The Apple Pay Revolution

The Apple Pay Revolution

shutterstock_130534580 I wrote a blog back in October 2013 entitled “Innovating the way we pay” which explored the latest innovations in the way that consumers make payments (as the title suggests!). I reference this blog now because there has never been a bigger innovation in the way that we pay for goods than with the launch of the iPhone 6 and more specifically Apple Pay.

So what exactly is it?

Apple Pay is the iPhone 6 NFC technology. Two years on from the release of Passbook, Apple Pay allows users to add their credit card (or a virtual version of it) to their Passbook wallet. Apple Pay, accesses the credit card attached to the user’s iTunes account (or they can add a new plastic card) and adds the card to Passbook. The user can then tap and go at payment terminals, completely eliminating the need for physical cards.

How safe is it?

Apple advise that they don’t keep the credit card number on any database, nor do they provide the credit card details direct to any merchant. Apple create a device specific account number and store it safely in the iPhone 6’s Secure Element chip. So that each time the iPhone 6 user pays for goods, Apple use a “one-time payment number” along with a dynamic security code to ensure all data is secure. If the user’s iPhone is lost or stolen they can use “Find my iPhone” and suspend all payments from their device. Because their credit card details aren’t stored in the device there’s no need to cancel credit cards and have to wait for a new card to be issued.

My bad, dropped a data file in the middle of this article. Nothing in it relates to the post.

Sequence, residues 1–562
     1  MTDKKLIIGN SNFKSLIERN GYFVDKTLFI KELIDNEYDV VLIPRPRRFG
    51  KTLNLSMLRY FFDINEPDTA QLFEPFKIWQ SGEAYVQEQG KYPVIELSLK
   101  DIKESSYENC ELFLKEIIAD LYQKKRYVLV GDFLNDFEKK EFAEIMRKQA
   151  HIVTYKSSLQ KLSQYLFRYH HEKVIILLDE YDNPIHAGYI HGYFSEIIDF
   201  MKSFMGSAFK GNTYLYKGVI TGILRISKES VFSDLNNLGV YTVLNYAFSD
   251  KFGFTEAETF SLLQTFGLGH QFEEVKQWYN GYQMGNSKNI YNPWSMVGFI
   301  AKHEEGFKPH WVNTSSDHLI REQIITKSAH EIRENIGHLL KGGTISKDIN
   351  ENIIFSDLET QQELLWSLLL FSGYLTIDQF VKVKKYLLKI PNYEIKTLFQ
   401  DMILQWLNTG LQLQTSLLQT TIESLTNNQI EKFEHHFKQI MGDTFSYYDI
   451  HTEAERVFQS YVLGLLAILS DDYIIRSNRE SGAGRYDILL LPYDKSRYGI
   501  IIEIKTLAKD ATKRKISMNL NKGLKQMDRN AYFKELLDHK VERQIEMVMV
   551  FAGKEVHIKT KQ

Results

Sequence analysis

How private is it?

One concern voiced by consumers and I think a valid one is around privacy. Will Apple know what consumers have bought and when? Will they be tracking consumer behaviour in any way? Apple advise that they are not in the business of data collection and that the transaction exists only between the user, the merchant and the user’s bank.

What does it mean?

I don’t use the word “revolutionlise” lightly. Apple have the big boys onboard, namely Visa, MasterCard and Amex. Apple Pay does not rely on Apple specific contactless payment terminals but rather will work with Visa’s PayWave and MasterCard’s PayPass. Retailers adding Apple Pay include Macy’s, McDonald’s, The Disney Store and Sephora. Needless to say the support for Apple Pay is impressive. That said, there is some resistance and most notably from the world’s largest retailer Walmart, reported by to have “snubbed” Apply Pay: ( Instead, the retail giant will continue to develop a separate (and competitive) payment system in a race to define the payment landscape. Other retailers not onboard with Apple Pay include 7Eleven and Target.

Regardless of who wins this race (the world’s largest brand or the world’s largest retailer), the launch of Apple Pay will result in a revolution in the way that consumers not only pay for goods but live their lives. It’s a giant step towards consumers being completely paperless. Why carry around a wallet full of paper when Passbook carries everything for you virtually? Your credit card, coupons, loyalty cards, tickets and more.

I still think we’re a few years away from this becoming a practical reality but Apple Pay is one huge leap forward. I’m very interested to see how the payment war plays out but one thing’s for sure, it will play out and change the way we all consume.

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